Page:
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Exercises for Tendonosis of the Shoulder

author image Ian Kenney
Ian Kenney began his writing career in 1994 at a small daily in Florida covering the politics and crime beats. Kenney's fiction and poetry have appeared in "The Florida Review," "Kudzu" and "The Missouri Review." Currently, he is a writer and producer in documentary and reality television. Kenney holds a Bachelor of Arts from Florida State University
Exercises for Tendonosis of the Shoulder
A woman is receiving a massage. Photo Credit boggy22/iStock/Getty Images


Shoulder tendonosis is commonly called tendonitis, but there is a distinction between the two. A diagnosis of tendonitis indicates an acute injury that results in inflammation of the tendons. In the case of the shoulder, the affected tendons are those that surround the rotator cuff. Tendonosis, on the other hand, generally refers to a chronic injury, often the result of incomplete healing from an earlier acute injury. It can cause pain and immobility, so gentle stretching and careful exercise is recommended to increase range of motion and reduce pain.

Overhead Stretch

Injuries to the tendon cause the tissue to contract, so restoring proper range of motion requires frequent and gentle stretching. The overhead stretch is a mild exercise for those still feeling the pain associated with acute tendinitis or chronic tendonosis.

Lie flat on your back. A solid surface is best, but a firm mattress works as well. Raise the affected arm straight above you, perpendicular to your body. Just raising the arm stretches the tendons, but if possible, reach across your body with the other hand and grasp the elbow of the outstretched arm. Pull gently, further stretching the injured shoulder. Use a smooth pulling motion and hold it for 10 seconds at a time. Don’t pull quickly and release.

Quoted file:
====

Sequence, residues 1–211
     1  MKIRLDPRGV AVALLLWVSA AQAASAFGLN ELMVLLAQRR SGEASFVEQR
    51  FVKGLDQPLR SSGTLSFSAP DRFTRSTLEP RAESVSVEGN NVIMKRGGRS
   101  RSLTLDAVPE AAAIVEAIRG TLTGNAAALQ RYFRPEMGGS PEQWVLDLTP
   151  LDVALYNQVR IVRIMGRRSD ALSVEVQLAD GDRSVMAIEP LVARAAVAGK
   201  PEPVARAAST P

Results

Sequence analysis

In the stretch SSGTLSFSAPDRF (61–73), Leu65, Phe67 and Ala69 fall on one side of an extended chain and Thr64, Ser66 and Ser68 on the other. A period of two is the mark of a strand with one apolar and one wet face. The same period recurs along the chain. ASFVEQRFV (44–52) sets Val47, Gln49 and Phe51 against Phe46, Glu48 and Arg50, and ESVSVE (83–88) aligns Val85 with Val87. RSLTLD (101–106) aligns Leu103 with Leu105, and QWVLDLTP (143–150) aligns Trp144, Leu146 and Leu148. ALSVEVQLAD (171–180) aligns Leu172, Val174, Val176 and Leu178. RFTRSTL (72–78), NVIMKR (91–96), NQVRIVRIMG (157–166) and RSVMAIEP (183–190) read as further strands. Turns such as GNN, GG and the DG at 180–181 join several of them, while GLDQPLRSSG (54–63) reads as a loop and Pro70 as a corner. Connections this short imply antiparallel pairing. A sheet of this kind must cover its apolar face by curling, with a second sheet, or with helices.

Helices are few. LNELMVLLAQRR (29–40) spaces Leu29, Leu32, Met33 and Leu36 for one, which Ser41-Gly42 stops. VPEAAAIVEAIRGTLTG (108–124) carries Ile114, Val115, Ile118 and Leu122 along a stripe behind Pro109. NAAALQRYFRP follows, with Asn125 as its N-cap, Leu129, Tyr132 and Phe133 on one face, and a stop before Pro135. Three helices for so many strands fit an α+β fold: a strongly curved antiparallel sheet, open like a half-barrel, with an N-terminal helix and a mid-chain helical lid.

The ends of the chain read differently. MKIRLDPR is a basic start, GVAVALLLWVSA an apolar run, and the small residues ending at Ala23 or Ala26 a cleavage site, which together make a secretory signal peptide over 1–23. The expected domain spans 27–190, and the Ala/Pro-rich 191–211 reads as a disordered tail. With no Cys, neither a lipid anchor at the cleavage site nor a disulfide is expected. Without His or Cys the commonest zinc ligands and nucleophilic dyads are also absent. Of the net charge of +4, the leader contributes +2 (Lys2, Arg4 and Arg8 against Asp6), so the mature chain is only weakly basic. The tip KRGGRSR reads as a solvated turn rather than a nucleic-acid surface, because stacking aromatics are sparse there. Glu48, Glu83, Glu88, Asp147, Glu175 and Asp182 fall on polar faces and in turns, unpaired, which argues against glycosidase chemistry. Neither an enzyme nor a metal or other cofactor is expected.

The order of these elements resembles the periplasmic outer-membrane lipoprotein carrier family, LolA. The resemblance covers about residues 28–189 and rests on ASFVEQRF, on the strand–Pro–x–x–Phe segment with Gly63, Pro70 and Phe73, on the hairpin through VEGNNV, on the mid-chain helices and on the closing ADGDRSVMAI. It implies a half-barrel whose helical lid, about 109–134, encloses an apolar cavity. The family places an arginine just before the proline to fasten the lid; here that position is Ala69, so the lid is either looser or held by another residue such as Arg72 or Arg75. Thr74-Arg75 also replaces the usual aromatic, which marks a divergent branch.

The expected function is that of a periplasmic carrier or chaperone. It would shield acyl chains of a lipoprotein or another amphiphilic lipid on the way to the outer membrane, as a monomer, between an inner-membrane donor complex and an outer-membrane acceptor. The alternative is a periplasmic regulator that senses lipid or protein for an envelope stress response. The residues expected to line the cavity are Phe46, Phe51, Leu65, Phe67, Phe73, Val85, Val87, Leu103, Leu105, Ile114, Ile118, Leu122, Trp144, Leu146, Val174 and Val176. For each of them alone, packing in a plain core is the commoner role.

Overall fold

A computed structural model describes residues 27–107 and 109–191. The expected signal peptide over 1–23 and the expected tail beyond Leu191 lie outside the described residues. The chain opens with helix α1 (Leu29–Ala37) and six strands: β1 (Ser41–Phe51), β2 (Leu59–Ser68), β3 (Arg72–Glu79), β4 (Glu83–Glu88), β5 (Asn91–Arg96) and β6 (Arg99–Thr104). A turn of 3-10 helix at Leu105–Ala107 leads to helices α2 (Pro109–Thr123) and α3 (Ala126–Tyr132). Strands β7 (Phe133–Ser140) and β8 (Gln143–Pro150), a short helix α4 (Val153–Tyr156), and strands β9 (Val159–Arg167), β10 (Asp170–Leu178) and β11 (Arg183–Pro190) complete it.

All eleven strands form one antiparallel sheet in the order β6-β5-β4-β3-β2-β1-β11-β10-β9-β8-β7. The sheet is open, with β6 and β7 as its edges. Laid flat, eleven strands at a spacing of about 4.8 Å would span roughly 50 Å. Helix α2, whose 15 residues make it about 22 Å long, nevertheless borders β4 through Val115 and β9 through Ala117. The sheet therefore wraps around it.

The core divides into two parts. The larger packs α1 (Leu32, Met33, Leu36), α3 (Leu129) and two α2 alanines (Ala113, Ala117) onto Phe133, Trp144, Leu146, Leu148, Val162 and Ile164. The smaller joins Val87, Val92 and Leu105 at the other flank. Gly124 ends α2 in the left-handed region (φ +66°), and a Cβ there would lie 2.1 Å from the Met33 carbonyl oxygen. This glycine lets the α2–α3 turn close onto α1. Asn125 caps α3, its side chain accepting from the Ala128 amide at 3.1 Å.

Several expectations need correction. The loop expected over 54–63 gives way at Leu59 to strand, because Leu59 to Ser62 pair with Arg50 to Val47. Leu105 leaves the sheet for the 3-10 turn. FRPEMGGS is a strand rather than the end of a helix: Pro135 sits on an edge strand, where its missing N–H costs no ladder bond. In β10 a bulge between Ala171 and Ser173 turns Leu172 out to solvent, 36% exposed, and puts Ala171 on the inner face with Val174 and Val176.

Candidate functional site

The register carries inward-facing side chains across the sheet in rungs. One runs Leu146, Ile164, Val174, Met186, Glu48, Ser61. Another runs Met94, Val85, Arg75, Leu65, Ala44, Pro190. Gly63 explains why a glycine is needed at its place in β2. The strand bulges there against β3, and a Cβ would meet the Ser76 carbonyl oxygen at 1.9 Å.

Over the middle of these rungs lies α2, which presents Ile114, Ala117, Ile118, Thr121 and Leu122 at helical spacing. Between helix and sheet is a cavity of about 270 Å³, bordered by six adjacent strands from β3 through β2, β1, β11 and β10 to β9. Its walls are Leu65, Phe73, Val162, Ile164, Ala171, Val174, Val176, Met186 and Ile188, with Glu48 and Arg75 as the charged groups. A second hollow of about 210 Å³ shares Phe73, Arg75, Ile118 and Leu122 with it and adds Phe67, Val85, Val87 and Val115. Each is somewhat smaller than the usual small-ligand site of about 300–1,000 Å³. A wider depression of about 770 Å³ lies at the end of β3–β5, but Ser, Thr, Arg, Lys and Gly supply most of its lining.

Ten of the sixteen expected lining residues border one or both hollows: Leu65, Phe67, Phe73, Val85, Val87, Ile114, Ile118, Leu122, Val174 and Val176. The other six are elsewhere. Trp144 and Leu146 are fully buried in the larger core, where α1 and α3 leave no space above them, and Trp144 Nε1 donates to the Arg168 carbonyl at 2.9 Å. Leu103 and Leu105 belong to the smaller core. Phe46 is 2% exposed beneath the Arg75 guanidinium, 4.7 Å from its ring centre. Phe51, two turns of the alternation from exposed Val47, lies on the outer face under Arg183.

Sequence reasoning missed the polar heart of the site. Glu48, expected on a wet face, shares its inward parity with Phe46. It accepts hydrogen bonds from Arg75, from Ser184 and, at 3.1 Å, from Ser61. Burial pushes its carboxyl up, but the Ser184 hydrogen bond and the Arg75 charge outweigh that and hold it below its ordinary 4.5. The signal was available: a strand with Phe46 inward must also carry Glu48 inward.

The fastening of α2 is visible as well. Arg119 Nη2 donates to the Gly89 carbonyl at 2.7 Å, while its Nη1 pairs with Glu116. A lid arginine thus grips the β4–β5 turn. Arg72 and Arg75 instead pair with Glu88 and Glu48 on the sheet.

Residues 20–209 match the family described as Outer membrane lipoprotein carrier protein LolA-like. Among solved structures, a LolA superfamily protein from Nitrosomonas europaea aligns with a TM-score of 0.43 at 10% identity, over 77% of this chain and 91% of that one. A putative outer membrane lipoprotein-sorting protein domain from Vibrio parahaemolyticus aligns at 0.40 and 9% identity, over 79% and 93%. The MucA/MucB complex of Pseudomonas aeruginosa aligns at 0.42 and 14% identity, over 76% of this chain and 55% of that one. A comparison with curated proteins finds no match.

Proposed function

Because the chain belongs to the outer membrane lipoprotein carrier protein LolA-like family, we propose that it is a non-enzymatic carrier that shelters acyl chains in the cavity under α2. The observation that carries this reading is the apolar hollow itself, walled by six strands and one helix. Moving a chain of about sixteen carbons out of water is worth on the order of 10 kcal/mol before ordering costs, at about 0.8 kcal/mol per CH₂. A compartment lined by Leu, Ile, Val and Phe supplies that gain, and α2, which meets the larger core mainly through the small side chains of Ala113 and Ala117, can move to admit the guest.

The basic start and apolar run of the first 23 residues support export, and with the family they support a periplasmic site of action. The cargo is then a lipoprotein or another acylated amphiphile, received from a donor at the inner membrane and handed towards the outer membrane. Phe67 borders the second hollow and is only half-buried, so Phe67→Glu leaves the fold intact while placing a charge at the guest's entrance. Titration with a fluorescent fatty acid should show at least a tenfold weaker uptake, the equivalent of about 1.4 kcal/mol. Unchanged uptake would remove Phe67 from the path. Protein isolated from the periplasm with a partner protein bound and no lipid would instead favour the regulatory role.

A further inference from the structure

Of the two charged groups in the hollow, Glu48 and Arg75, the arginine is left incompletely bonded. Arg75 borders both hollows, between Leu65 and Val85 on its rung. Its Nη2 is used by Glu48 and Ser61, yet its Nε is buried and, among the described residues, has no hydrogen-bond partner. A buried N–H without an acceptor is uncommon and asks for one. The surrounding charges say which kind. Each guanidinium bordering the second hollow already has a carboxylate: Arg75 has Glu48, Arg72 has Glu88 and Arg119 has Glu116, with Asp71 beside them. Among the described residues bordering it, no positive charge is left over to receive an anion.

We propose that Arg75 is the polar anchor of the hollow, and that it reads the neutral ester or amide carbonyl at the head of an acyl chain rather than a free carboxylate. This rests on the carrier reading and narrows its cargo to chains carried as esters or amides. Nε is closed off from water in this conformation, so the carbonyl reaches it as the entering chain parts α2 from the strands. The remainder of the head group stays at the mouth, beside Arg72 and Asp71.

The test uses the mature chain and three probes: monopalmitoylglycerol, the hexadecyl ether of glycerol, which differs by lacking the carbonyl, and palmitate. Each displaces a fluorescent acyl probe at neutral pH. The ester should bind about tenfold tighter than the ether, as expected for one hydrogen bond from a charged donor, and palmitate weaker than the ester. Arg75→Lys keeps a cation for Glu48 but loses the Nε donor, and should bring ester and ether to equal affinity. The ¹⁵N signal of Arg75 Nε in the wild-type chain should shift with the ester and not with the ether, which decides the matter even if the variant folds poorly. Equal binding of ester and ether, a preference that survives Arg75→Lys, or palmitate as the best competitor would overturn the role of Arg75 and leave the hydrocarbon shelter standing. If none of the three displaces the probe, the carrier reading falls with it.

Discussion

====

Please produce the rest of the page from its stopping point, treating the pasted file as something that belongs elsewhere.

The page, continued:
Cross-Body Stretch

The cross-body stretch applies lateral pressure to the injured tendons, complementing the overhead stretch that pulls the tendons along their length. Stand and hold the injured arm out to your side, level with the ground and perpendicular to your body. Swing the arm inward, keeping it level, until it is extended straight in front of you. When you reach this position, use your opposite hand to grasp the elbow of the injured arm and pull it across your body. Again, use a slow, gentle pulling motion and hold it for 10 seconds at a time, pulling farther as you regain mobility.

Pendulum Exercise

Lie flat on your stomach on a surface that allows the free motion of an overhanging arm. A weight bench is perfect for the pendulum exercise, but lying on the edge of a bed or massage table is also acceptable.

Let the affected arm dangle freely over the edge of the bed or bench. Gently swing the arm back and forth in an arc of at least 15 degrees to start. Increase the arc to 35 to 40 degrees as pain allows. Isolate the shoulder muscles in the movement as much as possible. It is natural to use the neck to support the body and push the shoulder. Try to keep the neck and chest relaxed.

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